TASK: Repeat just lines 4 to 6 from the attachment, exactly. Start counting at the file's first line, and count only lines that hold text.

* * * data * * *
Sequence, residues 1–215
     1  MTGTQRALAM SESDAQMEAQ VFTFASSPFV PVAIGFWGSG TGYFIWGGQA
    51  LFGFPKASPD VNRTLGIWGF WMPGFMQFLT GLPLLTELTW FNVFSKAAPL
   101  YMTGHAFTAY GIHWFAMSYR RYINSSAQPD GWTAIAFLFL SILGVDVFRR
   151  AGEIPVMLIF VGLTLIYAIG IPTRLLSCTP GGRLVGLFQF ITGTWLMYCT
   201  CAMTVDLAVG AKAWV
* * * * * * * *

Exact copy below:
   101  YMTGHAFTAY GIHWFAMSYR RYINSSAQPD GWTAIAFLFL SILGVDVFRR
   151  AGEIPVMLIF VGLTLIYAIG IPTRLLSCTP GGRLVGLFQF ITGTWLMYCT
   201  CAMTVDLAVG AKAWV